I live in hope), even the Guardian’s article was headlined: ‘Ex-courier convicted for “m o w i n g” down woman on his track bike’.
    Thanks also to the excellent piece on the RDRF site. The starkness of perspective is highlighted perfectly.

    The tweeted remarks by the Nick Freeman character reminded me of a recent Private Eye cartoon, where someone prone to getting worked up, has taken their laptop to be repaired.
    The technician is seen asking; “have you been frothing into the keyboard”.

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  8. Guybike says:

    Any attempt to impose ‘punishment’ legislation on cyclists should be opposed – first by civil disobedience, and then should enforcement be sought, resistance should be by armed force.

  9. Matthew says:

    It’s always been about identity and class issues. Many drivers perceive themselves as being superior to people walking or cycling. It’s not a rational mindset, and the strange behaviours and rantings of these drivers is not rational. By the same token, rational argument isn’t going to change their minds.

    That’s why it’s important to build and maintain a political movement of people who support sustainable transport and safer streets. But as you have written, there will be enemies, people who attack you for no rational reason, and that’s a good sign of positive change.

    • Matthew Phillips says:

      Just been listening to an In Our Time on the radio on the late 19th century American populist movement: http://www.bbc.co.uk/programmes/b08tbf4g
      One factor in the strategy to defeat the populists, which were standing up for poor American farmers, was to drive a wedge between the poor black farmers and the poor white farmers by promoting segregation. If you were a poor white farmer you could think to yourself “well, I may be poor, but at least I’m not black”.

      Cars as an aspiration are a bit like white supremacism. Originally the preserve of the fabulously wealthy, cars have become cheaper, but still retain their allure as status symbols. You can see this from all the car adverts. You may still live in a grotty part of town and have a miserable job, but at least if you have a car and drive to work you’re better than that failure of a man who’s still travelling on the bus beyond the age of 26. Or worse still, riding a bicycle. You can be part of the in crowd, the vast majority, the privileged, simply by getting in that car. But like with the poor American white farmers, although it might make you feel good to identify with the wealthier car owners, it won’t lead to policies that make your neighbourhood a better place to live, and having a car won’t actually make you richer or happier.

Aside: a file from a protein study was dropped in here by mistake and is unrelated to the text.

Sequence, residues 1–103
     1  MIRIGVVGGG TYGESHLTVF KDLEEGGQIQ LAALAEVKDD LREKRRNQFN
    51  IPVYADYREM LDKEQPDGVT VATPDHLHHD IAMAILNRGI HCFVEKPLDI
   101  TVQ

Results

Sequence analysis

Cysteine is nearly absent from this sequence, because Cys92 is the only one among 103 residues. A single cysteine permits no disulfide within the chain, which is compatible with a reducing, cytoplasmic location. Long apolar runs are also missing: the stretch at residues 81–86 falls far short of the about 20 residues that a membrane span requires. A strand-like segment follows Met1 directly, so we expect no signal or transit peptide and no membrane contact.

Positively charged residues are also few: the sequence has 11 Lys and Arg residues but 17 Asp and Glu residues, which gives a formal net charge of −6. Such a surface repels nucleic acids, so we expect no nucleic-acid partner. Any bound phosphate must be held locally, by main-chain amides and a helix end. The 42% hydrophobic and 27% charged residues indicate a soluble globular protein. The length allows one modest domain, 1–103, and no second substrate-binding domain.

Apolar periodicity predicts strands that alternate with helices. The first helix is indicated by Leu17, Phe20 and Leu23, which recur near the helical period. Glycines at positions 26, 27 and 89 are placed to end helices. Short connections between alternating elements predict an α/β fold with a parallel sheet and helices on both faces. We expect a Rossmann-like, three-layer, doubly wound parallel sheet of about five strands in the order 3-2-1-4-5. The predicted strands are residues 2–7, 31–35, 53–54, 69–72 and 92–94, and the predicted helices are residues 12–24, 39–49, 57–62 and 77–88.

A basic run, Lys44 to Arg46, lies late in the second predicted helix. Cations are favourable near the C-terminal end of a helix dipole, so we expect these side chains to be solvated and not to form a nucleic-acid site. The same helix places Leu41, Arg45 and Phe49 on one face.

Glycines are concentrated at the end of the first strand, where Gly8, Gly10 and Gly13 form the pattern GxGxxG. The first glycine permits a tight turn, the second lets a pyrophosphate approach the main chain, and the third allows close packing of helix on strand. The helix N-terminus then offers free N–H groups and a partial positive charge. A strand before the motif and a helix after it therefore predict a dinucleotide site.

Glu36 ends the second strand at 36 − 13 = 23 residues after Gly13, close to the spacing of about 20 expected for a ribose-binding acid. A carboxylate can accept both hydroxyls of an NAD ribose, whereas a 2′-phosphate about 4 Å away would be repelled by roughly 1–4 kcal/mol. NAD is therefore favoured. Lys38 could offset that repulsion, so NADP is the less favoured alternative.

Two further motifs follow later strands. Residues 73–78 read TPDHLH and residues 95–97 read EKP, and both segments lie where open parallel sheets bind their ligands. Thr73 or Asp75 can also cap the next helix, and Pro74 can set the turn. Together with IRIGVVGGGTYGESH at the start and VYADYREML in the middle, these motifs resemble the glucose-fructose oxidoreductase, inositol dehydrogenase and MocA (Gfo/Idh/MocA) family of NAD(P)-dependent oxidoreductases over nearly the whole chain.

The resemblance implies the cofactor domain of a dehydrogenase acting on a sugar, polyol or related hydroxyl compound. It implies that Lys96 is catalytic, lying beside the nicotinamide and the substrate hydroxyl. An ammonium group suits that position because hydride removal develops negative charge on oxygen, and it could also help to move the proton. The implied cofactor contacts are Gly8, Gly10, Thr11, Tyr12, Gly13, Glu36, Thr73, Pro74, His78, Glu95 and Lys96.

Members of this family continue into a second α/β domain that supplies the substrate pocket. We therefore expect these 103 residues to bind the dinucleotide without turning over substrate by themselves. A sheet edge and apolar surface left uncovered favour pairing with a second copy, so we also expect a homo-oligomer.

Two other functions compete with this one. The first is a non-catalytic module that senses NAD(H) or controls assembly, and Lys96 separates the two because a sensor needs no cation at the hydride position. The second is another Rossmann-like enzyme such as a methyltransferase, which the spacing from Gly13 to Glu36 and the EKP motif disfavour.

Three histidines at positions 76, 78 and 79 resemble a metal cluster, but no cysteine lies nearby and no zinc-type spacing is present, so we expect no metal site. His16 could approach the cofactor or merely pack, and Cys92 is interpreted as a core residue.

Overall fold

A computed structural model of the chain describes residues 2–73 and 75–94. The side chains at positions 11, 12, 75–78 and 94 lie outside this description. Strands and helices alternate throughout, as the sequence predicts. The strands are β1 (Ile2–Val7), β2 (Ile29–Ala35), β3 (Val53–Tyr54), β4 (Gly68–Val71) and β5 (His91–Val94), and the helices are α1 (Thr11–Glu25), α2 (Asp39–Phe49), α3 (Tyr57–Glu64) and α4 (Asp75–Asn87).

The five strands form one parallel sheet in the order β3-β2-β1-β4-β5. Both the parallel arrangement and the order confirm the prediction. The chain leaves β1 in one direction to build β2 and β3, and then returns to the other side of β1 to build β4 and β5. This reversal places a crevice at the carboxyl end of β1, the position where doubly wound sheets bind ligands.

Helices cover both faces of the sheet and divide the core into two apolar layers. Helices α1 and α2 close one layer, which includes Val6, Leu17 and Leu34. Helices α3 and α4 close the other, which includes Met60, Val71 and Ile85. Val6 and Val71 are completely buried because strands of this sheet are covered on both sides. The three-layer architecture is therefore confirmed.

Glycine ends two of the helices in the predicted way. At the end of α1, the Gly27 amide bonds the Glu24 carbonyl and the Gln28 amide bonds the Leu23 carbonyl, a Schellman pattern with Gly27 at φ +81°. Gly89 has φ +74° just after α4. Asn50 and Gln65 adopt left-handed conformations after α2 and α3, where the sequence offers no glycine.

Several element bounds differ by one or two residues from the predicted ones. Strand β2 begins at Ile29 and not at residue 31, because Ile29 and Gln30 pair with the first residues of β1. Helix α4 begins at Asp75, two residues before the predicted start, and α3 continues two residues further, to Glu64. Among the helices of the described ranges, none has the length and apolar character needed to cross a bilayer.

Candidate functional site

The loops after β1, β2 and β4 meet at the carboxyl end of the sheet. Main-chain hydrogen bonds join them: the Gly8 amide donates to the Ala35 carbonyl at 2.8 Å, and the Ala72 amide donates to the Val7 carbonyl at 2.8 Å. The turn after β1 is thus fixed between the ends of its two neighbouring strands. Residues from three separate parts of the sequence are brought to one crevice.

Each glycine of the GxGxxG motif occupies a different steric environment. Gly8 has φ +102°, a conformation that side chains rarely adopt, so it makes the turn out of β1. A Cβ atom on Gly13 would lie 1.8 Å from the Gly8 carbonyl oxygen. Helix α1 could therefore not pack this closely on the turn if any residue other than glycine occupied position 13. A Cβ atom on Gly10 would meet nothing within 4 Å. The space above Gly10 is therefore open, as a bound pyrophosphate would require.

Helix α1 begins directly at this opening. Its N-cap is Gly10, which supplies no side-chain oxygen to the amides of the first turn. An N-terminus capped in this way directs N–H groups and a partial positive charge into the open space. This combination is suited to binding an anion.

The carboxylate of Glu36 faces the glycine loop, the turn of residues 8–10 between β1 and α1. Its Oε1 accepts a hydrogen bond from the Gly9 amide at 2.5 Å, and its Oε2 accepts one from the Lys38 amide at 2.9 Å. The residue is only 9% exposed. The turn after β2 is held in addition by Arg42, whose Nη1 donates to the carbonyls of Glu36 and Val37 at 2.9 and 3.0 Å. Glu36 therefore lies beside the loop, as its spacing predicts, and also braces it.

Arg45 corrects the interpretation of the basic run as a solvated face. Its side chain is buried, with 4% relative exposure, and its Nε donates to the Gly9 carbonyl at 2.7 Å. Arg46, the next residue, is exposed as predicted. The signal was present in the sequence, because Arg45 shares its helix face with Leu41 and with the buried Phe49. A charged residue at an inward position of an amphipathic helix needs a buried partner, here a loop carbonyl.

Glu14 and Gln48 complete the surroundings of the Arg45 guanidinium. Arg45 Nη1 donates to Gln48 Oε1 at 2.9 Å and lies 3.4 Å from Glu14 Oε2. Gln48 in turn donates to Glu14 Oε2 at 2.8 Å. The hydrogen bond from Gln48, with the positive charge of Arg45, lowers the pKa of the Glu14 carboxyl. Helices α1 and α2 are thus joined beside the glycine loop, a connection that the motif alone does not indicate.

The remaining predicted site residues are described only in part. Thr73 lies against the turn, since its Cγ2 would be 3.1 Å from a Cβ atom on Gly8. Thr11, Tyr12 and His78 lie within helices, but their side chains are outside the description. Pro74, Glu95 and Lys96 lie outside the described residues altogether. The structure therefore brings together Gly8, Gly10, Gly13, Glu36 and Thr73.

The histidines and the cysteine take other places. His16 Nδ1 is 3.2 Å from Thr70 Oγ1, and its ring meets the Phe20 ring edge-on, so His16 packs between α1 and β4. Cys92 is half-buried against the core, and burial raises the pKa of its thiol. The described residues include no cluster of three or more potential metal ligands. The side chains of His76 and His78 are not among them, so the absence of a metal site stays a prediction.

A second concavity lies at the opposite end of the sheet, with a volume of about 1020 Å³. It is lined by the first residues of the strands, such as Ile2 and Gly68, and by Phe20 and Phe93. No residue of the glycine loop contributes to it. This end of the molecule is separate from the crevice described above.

10. Paul says:

    Excellent article. Another point is that 80% of cyclists also hold a driving licence (source: Gov.UK press release “Drivers and cyclists agree “let’s look out for each other”” https://www.gov.uk/government/news/drivers-and-cyclists-agree-lets-look-out-for-each-other). Therefore if 80% of those cyclists who annoy motorists took their cars instead, the roads would be further congested, thus causing even more annoyance. Perhaps all regular cycle commuters should have an annual “drive your car to work day” to illustrate this point.

  11. Pingback: The Alliston case: after the verdict | Road Danger Reduction Forum

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  13. Foogirl. says:

    I don’t consider introducing mandatory training as punishing cyclists, surely it is about making them safer. More stringent training and testing for young new car drivers wasn’t seen as punishing them, why would it be so for road cyclists? At the very least, there should be far more initiatives to encourage cyclists who are non drivers to learn the Highway Code, and for cyclists who are drivers to be taught the safest way to navigate traffic. I’m not a cyclist and would have no idea what I’m doing but I could go buy a bike and cycle through a city. I wouldn’t feel “punished” as a driver if mandatory refresher training was introduced to maintain a licence – and I say that as a driver who has an pretty good driving record of over 25 years and having done several advanced driver training courses. We all fall into bad habits and having someone look at what we are doing every once in a while is a good thing. Training protects cyclists, why are so many against it?